Ali lives in one of the Karacadağ villages lined between Turkey’s southeastern provinces of Diyarbakır and Şanlıurfa. Like many young people living in those villages, the 17-year-old goes to work collecting and sorting garbage every year. Ali asked to use a pseudonym for this article.
“We can find jobs in metropolitan cities like Istanbul, Izmir, Ankara and sometimes in Diyarbakır, but mostly Syrians work in the garbage business here,” he said. “Sometimes we go around for hours and sift through the garbage for a piece of paperboard or a piece of iron.”
Families send over kids as young as 15-year-old kids there. They would love to find other work, but there are no job opportunities. Everyone in the area moves to the cities to work.
However, the villages of Karacadağ were once a centre for animal breeding. Milk, yoghurt and cheese used to come from Karacadağ to downtown Diyarbakır. The phrase “Karacadağ yoghurt” was known far and wide for its high quality.
I asked Ali what changed.
“I could not see those days, sister, partly my father saw it. I don’t know how it happened but when he couldn’t make money from the land, he started to go to seasonal work,” he said. “For 20 years, my father went to seasonal work in the west of Turkey. My father was a seasonal worker, I am a garbage worker.”
I later contacted a resident from the village of Karacadağ Övündüler, which I have known for many years. He used to work as an inter-village school bus driver but had to sell his vehicle as the pandemic brought Turkey’s economy to a near standstill.
I asked him what he does now to make ends meet.
Resident: “What can we do? We have a few animals and we will sell them. Feed prices have soared. The cost of feed is worth more than the animal itself. The animal doesn’t pay for itself.”
Nurcan: “Do you not get any support during this period?”
R: “The state provides support pay for animals once a year. I also received three calves and I will get money for them in May 2021 – unless I sell the animals by then. Animal breeding has become very difficult to sustain. A few families remain in our village, still owning animals. They also rent pastures every year in Ağrı, Bingöl, and Serhat. They take the animals there for 3-4 months, with their children. They leave the job soon, too. The feed is too expensive.”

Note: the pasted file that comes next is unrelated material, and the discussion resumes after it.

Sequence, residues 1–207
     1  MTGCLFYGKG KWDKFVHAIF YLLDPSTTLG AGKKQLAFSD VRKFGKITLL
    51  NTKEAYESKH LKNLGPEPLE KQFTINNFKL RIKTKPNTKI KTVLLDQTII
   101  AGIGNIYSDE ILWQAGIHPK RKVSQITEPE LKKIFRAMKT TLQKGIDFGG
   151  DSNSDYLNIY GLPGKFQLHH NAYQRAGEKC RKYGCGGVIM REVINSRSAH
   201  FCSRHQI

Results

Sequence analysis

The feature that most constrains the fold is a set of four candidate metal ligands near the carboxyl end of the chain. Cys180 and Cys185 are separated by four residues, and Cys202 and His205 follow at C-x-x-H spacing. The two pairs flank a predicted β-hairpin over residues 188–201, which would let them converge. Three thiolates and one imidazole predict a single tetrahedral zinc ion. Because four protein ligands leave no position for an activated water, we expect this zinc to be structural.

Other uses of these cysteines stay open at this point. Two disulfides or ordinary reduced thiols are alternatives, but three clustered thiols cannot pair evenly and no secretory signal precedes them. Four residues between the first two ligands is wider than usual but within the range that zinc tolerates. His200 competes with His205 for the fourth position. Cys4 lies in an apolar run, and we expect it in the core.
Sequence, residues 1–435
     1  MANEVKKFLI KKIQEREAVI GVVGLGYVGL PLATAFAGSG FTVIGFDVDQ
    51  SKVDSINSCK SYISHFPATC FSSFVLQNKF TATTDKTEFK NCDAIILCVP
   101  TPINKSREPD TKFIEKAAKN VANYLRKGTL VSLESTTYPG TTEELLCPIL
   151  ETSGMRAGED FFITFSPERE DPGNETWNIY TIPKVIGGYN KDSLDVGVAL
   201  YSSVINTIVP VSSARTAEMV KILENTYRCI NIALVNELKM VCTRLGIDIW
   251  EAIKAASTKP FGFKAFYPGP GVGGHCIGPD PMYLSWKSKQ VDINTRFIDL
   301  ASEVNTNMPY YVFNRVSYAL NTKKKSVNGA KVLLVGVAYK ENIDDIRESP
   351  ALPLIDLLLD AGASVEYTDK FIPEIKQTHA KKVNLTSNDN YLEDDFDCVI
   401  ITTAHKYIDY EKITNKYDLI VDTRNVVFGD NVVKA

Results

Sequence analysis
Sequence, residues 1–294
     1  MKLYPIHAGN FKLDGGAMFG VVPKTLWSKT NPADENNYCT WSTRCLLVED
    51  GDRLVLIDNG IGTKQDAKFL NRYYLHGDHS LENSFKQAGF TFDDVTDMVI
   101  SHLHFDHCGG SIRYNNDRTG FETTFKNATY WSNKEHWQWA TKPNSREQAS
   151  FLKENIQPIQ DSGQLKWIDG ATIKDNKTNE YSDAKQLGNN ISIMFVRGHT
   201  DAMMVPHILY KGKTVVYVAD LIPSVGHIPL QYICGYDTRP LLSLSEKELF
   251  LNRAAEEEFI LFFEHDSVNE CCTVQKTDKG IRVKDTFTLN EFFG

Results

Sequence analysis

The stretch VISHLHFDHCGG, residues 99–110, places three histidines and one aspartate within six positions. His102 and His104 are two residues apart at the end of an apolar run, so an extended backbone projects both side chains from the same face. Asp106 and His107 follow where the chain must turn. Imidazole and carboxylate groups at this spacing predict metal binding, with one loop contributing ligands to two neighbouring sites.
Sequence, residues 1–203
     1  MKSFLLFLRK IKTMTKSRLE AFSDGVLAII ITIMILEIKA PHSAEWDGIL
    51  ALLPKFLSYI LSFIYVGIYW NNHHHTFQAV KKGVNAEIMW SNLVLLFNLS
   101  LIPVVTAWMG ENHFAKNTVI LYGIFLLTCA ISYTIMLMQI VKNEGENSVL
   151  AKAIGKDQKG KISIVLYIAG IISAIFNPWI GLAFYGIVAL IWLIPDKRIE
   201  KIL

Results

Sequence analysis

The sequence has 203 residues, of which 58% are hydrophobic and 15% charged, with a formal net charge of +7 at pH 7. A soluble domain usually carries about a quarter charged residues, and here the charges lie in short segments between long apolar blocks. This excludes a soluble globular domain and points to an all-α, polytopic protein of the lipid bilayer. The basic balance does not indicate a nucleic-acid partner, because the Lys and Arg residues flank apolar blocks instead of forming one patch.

N: “So how are the villagers earning a living?”
R: “Everybody is looking for a job. Whoever can find it does seasonal work.”
N: “Are they also going during the pandemic?”
R: “They are going, since there is nothing to do here. The state gives permission to seasonal agricultural workers, but especially young people go work in the garbage.”
I asked how the Besi Organised Industrial Zone, which was established 10 years ago with high hopes, is going and whether it provides employment for the villagers.
R: “Particularly Syrians work there. Employers prefer Syrians because they work without insurance and for less.”
N: “How do you survive?”
R: “I have seven children, one of them is educated, the other six are working. Seven people work in our house, but we still can’t make enough money. Feed, seed, fertiliser, electricity, water … Everything is now very expensive and conditions are getting worse with each passing day. I do not understand how this country is still standing. If you do, tell me about it.”
I have nothing to say in response except that I don’t understand it either.
As it gets dark and we slowly retreat to our homes for the night, hundreds of children in Diyarbakır continue digging through the garbage in the hope of finding something useful. Thousands of them are trying to make a living in Izmir, Istanbul and Bursa – away from their mothers and fathers.